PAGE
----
New Biotechnology Serves Benefits to the Food Industry

By Kitty Wheeler
Biotechnology, and particularly precision fermentation, is one of the most promising innovations in the food industry, as it requires far fewer resources than conventional agricultural and food processing techniques.
Major companies Danone, Michelin and DMC, collaborate to create a biotechnology platform to better the food industry through upgraded fermentation use.

The Biotech Open Platform has been designed by French companies, Danone (food products) and Michelin (tire manufacturing), and the American DMC Biotechnologies (biotechnology company) to upgrade the worldwide use of fermentation for the food industry.

Fermentation is an ancient technique that has been adapted and refined by modern food companies to create a huge variety of products that are enjoyed by consumers worldwide.

The process is primarily used by food and beverage companies to produce: unique flavours and textures, preserve and extend shelf life, improve digestibility and nutritional value, create alcoholic beverages, and produce beneficial compounds in fermented dairy products.

Yet this new platform uses precision fermentation, which is a modern upgrade that differs from traditional fermentation, by enabling precise control over microorganisms and production process, leading to higher efficiency and better quality of products.

With investment from regional bank investor, Crédit Agricole Centre France, and a funding of over USD$17m in the first phase, the platform will be located in Clermont-Ferrand in France, within the Parc Cataroux Center for Sustainable Materials, an innovation accelerator supported by Michelin. 

This collaboration not only aims to gain access to biotechnology research and solutions, but also strives to address environmental challenges and promote a more sustainable economy. 

How can the food industry benefit from precision fermentation?

Increased efficiency

Fermentation processes can be optimised and controlled in a highly precise manner, leading to more efficient production of desired ingredients, which can result in lower costs and increased productivity, making food products more affordable and accessible.

Improved food security

Precision fermentation can provide alternative sources of nutrients and ingredients, particularly in regions with limited agricultural resources or adverse climate conditions.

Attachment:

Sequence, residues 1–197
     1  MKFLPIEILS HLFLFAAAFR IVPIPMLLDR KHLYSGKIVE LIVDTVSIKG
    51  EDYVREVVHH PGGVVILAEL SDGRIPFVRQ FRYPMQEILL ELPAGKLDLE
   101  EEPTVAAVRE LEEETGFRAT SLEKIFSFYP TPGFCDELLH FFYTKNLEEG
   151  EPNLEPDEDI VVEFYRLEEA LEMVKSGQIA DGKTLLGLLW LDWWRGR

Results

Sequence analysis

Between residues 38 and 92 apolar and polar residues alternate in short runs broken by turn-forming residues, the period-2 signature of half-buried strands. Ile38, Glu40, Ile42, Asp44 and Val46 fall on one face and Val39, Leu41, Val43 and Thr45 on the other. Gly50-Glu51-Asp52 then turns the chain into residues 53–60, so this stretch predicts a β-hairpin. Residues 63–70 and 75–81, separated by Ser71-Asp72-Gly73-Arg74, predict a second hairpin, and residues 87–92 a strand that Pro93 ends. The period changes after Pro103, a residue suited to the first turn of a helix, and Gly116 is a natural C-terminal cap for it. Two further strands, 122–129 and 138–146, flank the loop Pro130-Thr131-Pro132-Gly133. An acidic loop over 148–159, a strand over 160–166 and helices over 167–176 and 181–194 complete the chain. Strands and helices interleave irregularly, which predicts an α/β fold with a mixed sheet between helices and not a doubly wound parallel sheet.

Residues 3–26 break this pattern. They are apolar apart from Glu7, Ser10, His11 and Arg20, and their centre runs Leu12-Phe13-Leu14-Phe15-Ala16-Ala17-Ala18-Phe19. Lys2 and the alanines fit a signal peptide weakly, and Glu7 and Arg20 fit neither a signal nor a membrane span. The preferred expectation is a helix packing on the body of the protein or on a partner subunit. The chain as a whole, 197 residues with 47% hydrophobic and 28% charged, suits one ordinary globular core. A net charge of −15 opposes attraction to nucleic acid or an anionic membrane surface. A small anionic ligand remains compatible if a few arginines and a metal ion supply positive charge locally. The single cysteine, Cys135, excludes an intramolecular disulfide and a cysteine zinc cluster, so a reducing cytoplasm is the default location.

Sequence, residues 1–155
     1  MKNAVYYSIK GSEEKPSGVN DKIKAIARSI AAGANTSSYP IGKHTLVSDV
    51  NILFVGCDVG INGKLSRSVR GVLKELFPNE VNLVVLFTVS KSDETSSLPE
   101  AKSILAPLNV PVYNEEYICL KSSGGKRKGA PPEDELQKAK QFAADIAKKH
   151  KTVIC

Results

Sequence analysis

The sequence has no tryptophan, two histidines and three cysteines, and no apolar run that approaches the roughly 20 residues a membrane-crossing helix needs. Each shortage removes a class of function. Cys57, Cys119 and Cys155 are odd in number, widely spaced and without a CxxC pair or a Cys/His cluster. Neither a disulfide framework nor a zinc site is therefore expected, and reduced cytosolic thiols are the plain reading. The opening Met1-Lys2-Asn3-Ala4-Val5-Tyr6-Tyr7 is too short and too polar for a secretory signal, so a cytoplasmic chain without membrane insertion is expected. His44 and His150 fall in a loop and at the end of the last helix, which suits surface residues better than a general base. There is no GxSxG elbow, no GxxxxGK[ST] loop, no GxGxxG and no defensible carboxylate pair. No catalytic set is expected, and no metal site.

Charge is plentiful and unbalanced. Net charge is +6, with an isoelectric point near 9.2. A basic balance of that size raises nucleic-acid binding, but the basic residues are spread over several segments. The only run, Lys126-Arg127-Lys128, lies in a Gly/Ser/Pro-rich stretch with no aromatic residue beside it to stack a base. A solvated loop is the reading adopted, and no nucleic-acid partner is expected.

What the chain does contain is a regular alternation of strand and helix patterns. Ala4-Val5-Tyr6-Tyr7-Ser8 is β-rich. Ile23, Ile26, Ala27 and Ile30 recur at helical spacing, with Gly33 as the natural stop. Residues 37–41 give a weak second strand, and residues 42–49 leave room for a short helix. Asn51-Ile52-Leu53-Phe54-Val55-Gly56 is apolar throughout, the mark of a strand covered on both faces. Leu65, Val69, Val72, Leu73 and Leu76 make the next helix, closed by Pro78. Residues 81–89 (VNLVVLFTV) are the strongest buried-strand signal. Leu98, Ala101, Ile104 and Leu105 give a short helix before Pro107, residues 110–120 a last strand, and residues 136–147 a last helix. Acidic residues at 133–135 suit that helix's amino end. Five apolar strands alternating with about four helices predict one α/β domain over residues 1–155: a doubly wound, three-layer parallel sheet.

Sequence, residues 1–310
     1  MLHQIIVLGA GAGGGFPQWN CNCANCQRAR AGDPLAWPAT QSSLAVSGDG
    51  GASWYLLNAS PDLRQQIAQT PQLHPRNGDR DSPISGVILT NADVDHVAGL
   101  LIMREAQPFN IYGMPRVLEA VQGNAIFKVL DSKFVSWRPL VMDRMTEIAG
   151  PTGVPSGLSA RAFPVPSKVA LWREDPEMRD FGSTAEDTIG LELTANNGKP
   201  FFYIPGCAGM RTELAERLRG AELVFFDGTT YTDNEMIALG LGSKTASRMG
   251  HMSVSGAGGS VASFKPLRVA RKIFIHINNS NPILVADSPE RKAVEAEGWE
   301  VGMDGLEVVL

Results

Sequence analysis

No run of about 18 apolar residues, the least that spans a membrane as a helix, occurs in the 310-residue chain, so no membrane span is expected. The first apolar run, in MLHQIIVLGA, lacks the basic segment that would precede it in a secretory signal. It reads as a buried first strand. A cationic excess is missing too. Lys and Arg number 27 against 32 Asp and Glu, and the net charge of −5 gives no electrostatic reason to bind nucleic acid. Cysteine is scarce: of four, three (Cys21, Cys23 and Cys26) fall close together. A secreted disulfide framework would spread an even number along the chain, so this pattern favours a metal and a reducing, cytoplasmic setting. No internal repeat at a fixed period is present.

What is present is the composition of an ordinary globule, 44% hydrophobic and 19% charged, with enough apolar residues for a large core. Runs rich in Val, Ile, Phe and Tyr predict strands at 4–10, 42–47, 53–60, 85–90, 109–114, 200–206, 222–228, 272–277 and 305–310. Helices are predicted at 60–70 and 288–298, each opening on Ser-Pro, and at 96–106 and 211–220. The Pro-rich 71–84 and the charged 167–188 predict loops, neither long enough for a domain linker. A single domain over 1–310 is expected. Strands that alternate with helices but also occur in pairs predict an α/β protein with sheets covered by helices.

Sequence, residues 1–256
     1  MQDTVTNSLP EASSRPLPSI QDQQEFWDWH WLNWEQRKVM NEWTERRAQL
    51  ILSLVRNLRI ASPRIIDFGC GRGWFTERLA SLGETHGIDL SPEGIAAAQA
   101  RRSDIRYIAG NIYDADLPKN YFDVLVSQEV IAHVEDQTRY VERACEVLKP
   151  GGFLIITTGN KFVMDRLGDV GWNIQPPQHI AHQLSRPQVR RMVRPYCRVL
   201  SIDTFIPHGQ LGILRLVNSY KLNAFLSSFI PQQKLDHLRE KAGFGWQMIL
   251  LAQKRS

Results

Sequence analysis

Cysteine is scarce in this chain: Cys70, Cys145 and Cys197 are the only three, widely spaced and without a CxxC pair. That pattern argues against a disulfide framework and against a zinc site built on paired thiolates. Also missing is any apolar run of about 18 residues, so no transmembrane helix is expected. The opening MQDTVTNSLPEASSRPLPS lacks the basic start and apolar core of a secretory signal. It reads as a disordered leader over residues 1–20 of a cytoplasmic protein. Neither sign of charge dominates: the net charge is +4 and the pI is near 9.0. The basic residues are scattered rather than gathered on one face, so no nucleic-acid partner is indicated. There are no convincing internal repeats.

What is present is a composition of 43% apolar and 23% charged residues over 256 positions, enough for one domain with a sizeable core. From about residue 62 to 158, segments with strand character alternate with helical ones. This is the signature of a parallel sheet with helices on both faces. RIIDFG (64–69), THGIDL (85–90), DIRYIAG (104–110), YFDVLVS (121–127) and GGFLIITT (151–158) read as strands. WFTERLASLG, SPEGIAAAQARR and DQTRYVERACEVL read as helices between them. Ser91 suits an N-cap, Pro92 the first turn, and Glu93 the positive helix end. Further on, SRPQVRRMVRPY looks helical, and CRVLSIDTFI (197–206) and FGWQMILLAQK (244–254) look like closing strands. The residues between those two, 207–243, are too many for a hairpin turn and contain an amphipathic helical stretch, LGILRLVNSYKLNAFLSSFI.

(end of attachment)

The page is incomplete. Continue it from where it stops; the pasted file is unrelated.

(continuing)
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Novel ingredients

Precision fermentation enables the production of novel ingredients that are difficult or impossible to obtain through traditional methods. 

This can lead to the development of new food products with unique flavours, textures, and nutritional profiles, catering to evolving consumer preferences and dietary needs.

Scalability 

Fermentation processes can be scaled up or down relatively easily, allowing for flexible production capacity to meet changing market demands.

Animal welfare

By reducing the reliance on animal-derived products, precision fermentation can contribute to improved animal welfare by reducing the need for intensive animal farming practices.

Food waste

Precise control over fermentation processes can also lead to more efficient utilisation of raw materials, reducing waste and contributing to a more sustainable food system.

How does this project feed into global food industry sustainability goals?

As the food industry looks for alternatives to fossil-based resources, it is turning to innovative and sustainable solutions to meet its supply needs while providing more efficient materials.

Precision fermentation allows for the sustainable production of various food ingredients, such as proteins, fats, and flavours, without relying on traditional agriculture or animal farming.

And this can reduce the environmental impact associated with conventional food production methods, such as land use, water consumption, and greenhouse gas emissions.

Antoine de Saint-Affrique, CEO of Danone, believes in "investing in the future of food", and that this partnership is "the next step in this journey."

The collaboration between these companies brings together expertise from various domains.

Danone has a vested interest in sustainable packaging solutions, DMC, a cooperative of wine producers, contributes its expertise in fermentation processes, and Michelin, is interested in exploring sustainable materials for its products.

By combining their resources and knowledge, these companies aim to develop a sustainable solution for plastic waste that can be implemented on an industrial scale, thereby contributing to a more circular and environmentally friendly economy.

Antoine de Saint-Affrique, CEO of Danone, says: “We look forward to working with our partners to develop cutting-edge fermentation technologies which will accelerate innovation, health benefits and decarbonisation in the food industry.”

The best part is, this project doesn’t just have scope to improve the food industry, but also immense potential for applications across industries like agriculture, materials, and energy.

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